Bob has asked me to contribute a guest post that fits this theme of writing tips, so I thought I’d address a type of error that always makes me squirm: the incorrect use of the apostrophe.
For some reason, this is one of the most common types of mistakes I see. And getting a handle on the apostrophe can actually be quite simple.
The source of confusion is that in English, apostrophes are used for contraction as well as possession, and sometimes, also, for plurals.
But there are two simple factors that clarify this.
Factor the first: consistency
English is a language that seems to have more exceptions than rules. But when it comes to pronouns, the apostrophe always indicates a contraction. In other words, the apostrophe replaces a letter or two.
That means the respective homonyms without apostrophes are possessive.
Factor the second: apostrophes do not indicate plural
We’ve all seen apostrophe-s used to make a noun plural.
I hope you do what I do: I always carry a red pen to correct them.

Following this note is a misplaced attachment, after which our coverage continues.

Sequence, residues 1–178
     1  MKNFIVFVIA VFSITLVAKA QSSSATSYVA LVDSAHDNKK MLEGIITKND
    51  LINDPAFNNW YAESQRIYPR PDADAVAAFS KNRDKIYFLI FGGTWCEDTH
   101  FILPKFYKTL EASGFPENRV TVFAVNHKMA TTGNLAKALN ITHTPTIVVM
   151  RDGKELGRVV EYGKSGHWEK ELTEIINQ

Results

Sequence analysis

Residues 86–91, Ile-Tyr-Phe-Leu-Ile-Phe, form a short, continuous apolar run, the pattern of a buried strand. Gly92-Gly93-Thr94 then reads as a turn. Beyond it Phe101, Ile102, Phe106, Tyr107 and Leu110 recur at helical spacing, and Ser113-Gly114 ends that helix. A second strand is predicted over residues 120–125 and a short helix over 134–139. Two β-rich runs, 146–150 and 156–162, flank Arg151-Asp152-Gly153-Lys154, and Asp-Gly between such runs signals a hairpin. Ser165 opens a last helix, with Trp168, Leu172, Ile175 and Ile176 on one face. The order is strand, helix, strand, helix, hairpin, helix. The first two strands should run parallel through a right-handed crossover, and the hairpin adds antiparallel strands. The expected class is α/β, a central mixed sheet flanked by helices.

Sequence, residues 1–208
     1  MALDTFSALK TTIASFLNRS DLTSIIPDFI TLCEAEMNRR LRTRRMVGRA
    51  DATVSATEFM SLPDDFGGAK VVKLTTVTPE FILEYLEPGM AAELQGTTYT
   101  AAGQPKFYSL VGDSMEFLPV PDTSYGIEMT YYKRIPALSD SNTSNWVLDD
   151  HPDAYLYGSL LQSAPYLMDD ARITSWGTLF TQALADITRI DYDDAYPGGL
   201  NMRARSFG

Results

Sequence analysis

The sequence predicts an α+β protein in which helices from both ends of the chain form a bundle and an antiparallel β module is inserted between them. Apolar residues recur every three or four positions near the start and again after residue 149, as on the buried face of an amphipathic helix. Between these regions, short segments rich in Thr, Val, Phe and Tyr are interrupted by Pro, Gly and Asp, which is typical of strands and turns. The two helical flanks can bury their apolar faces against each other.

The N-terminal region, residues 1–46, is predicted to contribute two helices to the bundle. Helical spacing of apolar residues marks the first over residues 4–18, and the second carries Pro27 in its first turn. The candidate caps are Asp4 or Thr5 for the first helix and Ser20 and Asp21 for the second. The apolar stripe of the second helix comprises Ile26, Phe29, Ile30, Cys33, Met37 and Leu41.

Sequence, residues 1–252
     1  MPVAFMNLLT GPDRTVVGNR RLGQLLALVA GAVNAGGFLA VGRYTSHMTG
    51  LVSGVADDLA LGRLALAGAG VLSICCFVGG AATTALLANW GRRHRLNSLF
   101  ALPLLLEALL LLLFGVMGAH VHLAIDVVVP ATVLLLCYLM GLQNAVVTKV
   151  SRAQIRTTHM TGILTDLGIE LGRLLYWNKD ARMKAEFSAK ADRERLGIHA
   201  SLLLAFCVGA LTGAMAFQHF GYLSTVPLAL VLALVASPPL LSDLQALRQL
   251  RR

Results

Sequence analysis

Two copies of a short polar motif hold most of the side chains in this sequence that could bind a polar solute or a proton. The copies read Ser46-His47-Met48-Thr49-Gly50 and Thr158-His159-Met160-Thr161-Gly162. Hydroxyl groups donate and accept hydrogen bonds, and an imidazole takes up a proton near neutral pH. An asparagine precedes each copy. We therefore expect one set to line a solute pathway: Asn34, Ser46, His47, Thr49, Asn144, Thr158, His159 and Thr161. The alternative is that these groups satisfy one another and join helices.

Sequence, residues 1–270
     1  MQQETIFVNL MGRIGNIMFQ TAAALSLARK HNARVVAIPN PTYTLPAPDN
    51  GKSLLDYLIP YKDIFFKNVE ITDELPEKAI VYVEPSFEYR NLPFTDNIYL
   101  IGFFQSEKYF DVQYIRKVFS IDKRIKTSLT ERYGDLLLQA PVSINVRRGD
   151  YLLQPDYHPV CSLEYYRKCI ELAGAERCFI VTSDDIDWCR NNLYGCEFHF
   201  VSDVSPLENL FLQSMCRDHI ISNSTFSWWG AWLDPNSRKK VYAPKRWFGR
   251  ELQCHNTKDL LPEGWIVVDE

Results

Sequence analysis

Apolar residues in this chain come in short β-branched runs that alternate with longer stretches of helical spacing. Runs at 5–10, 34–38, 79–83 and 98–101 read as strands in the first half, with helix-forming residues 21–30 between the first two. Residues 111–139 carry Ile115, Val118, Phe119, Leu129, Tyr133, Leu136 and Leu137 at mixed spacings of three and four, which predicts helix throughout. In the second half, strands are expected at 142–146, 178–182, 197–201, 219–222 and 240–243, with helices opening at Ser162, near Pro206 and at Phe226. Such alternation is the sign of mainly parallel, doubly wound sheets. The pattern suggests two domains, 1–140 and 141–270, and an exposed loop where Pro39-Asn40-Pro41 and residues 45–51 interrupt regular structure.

I can understand some of the confusion. When I was growing up in the age of steam, many used apostrophes to pluralize single letters or symbols used as words in text and other unusual cases. For example:
While this makes sense when you listen to the pronunciation, it leads to confusion. So when I first became an editor, the new idea was to use italics to set off characters used as words and eliminate the apostrophe. To wit:
The change will take some getting used to, but I think it will reduce confusion among non-professional writers.
What do you think? By being careful about using apostrophes in combination with pronouns, can we writers bring about change and increase understanding, at least in this small way?